by Elyse M. Rogers


In chemistry the term sugar refers to a group of carbohy­drate compounds. In general conversation, we use the term “sugar” to refer to those granules that gleam in the “sugar bowl” and that we sprinkle on our corn flakes or dump into our coffee. Tech­nically, what we use on the table is sucrose, one of the general categories of sugars.


Lately, “sugar” (and I’ll use the general term here to mean table sugar or sucrose) has been getting bad press. Many people feel very strongly that sugar is bad for the body. In fact, in researching this topic I came across a medical journal that called this condition “Sugar Dread.” Hmmm. Seems like a pretty big, bad label for a simple substance.

Certainly in the last decade sugar has been blamed for a multitude of sins, including violent behavior. You may re­member the sensational murder case in 1979 when San Fran­cisco Mayor George Moscone and Supervisor Harvey Milk were killed by former Super­visor Dan White. White was found guilty of manslaughter (rather than murder) after his attorney pleaded that he had “diminished mental capacity” because of his addiction  to candy bars and junk food. In legal circles, if you can believe it, this has become known as the “Twinkie defense.”

Lesser behavior problems have been blamed on sugar, in­cluding hyperactivity in children; moreover, health-wise, su­gar has been blamed for con­tributing to acne, obesity, diabetes, heart disease and cancer. Until last year there’s been no real scientific evidence that sugar is indeed as bad as some believe, or on the other hand as innocuous as the Sugar Association ads would lead us to conclude.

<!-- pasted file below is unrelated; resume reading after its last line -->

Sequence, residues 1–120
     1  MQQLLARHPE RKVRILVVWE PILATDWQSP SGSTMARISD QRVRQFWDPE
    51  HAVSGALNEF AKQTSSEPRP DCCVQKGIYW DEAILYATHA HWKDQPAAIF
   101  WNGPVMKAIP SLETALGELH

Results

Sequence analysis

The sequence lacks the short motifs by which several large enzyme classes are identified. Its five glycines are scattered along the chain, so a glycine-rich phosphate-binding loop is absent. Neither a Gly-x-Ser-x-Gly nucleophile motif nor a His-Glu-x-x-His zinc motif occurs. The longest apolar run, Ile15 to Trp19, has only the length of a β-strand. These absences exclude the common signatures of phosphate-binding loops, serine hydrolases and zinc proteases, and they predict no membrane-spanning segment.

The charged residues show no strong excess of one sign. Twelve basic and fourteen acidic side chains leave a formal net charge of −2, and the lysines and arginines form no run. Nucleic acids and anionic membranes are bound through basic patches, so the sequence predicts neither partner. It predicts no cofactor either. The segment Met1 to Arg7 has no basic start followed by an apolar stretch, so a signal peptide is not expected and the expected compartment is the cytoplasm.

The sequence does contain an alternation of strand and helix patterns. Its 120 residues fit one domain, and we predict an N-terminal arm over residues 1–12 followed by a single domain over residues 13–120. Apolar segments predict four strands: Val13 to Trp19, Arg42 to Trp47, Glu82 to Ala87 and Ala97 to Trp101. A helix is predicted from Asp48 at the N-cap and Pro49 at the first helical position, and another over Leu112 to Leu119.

Then last October the Food and Drug Administration (FDA) came out with its 229-page study which basically stated that sugar doesn’t hurt most people and is not the cause of any diseases such as diabetes, cardiovascular disease, high blood pressure, hyper­activity or even obesity. Or, in more technical terms as stated by co-author of the re­port Dr. Walter Glinsmann, “. . .(critics) have not provided evidence for a hazard at present levels of consumption.”

And present levels of con­sumption of sugar are pretty impressive. The per-capita-consumption waters get muddied a bit by a new kid on the block— corn syrup. Actual “sugar” consumption per capita (the white granules from sugar cane or sugar beets) has dropped from a high of 102 pounds per year in the U.S. to 67.5 pounds per year. But it’s not that we’re ingesting less calories from caloric sweeteners.

Corn syrup just gives us sugar in another form, which was made possible, by the way, when Japanese scientists made a technological breakthrough in the mid-1970s on processing syrup from corn. Since corn is easier to grow than cane or beets it’s a lot cheaper to produce and at present is priced at 30 percent below refined sugar prices. Both corn syrups and granulated sugar are bro­ken down in the body to form glucose, so basically their final effect is the same. Therefore, adding the consumption of corn syrup and granulated sugar together will give us the more precise total, which amounted to 130 pounds per capita in the U.S. in 1986.